He knew
through

it

the country like a fox or a bird, and passed He knew as freely by paths of his own.

every track in the snow or on the ground, and what creature had taken this path before him. One must submit abjectly to such a guide, and the reward was
great.

Under

his
;

arm he

carried an old music-book

to press plants

in

his pocket, his diary

and

pencil, a

spy-glass for

birds, microscope, jack-knife,

and twine

He
to

wore straw hat, stout shoes, strong gray trousers brave shrub-oaks and smilax, and to climb a tree

for a

hawk s or a squirrel s nest. He waded into the pool for the water-plants, and his strong legs were no On the day I speak of insignificant part of his armor.
he looked for the Menyanthes, detected it across the wide pool, and, on examination of the florets, decided
that
it

had been

in flower five days.

He

drew out

of
all

his breast-pocket his diary,

and read the names of

the plants that should bloom on this day, whereof he kr.pt account as a banker when his notes fall due.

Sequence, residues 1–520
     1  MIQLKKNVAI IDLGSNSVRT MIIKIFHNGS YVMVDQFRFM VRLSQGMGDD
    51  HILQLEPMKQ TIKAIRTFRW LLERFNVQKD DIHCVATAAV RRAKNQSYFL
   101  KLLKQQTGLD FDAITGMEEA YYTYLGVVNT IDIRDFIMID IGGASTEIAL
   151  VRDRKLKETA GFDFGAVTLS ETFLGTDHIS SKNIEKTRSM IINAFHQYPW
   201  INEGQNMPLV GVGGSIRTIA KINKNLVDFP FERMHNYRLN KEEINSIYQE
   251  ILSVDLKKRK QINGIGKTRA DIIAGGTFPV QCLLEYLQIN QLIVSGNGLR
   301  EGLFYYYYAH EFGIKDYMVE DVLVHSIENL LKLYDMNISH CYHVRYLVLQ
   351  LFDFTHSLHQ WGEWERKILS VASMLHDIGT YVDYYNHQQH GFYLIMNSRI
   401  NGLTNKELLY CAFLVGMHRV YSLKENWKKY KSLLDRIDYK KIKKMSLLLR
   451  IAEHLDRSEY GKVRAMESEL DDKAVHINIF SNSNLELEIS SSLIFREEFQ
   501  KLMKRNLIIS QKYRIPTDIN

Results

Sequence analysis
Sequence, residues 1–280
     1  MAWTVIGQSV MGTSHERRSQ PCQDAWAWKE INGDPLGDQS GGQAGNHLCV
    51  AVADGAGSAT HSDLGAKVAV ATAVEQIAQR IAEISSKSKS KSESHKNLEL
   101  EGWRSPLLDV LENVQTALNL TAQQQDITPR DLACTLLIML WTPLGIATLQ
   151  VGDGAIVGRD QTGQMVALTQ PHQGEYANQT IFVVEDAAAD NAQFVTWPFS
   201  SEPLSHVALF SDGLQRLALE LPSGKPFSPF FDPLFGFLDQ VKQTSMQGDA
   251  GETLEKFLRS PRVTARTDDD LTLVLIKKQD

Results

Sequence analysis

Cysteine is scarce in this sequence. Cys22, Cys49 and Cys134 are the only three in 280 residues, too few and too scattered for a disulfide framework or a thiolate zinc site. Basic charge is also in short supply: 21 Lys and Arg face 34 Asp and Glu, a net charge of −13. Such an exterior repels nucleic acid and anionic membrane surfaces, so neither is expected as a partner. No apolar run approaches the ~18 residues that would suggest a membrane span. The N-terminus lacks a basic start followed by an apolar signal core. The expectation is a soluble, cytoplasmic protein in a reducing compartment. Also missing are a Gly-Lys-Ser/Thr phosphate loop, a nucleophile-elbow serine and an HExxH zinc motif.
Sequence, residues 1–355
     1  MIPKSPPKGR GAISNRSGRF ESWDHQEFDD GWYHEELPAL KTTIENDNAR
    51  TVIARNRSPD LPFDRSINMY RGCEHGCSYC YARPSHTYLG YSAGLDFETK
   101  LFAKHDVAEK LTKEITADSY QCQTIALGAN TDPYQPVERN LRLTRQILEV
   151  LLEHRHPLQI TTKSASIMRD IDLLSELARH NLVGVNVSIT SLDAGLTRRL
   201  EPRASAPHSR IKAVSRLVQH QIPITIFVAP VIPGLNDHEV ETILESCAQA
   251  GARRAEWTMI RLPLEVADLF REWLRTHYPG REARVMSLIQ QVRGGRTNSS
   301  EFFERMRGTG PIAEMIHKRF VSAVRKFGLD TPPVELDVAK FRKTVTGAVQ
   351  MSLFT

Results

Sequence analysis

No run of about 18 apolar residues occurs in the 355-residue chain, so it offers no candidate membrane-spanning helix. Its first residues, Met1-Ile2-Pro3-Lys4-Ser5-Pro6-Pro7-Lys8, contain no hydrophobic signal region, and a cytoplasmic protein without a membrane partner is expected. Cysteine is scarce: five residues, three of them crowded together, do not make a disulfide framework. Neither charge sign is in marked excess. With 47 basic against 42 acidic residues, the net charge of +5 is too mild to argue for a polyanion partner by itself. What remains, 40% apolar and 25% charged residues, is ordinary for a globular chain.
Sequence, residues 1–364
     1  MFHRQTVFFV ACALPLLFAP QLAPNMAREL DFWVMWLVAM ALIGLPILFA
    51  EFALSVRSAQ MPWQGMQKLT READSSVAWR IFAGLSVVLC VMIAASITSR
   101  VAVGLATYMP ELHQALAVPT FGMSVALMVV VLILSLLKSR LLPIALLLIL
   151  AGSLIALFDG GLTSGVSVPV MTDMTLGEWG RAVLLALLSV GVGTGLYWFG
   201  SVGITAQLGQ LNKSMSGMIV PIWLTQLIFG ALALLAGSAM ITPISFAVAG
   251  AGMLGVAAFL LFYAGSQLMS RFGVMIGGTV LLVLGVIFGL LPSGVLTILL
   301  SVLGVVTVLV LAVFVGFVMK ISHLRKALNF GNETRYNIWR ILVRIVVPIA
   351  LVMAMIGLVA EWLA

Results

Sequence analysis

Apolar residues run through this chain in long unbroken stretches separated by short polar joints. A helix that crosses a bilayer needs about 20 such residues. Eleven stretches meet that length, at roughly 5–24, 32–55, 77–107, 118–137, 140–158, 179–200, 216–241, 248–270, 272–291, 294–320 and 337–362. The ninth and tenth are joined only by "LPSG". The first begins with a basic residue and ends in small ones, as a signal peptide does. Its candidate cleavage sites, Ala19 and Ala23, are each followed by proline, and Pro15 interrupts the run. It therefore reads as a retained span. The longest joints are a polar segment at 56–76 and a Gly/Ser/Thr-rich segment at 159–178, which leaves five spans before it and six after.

The Cypripedium
that, if

not due

till

to-morrow.

He

thought,

waked up from a trance, in this swamp, he could tell by the pknts what time of the year it WLB

22

BIOGRAPHICAL SKETCH.

within tvvo days. presently the fine

The

redstart

was

flying about,
brilliant

and

grosbeaks, whose
his

scarlet
fine

makes the rash gazer wipe clear note Thoreau compared

eye,

and whose

to that of a tanager

which

has got rid of its hoarseness. Presently he Leard a note which he called that of the night-warbler, a bird
years, which always, when he saw it, diving down into a tree or bush, and
to

he had never identified, had been in search of twelve was in the act of

which

it

was vain

the only bird that sings indifferently by night and by day. I told him he must beware of finding and
;

seek

booking
him.
life,

it,

lest

life

He

said, "What

should have nothing more to show you seek in vain for, half your
full

one day you come

upon

all

the family at din

ner.
it

You seek

it

like a

dream, and as soon as you find

you become its prey." His interest in the flower or the bird lay very deep in his mind, was connected with Nature, and the of Nature was never to be defined meaning attempted
by him.
lie

would not

offer a

memoir
"

of his observa

tions to the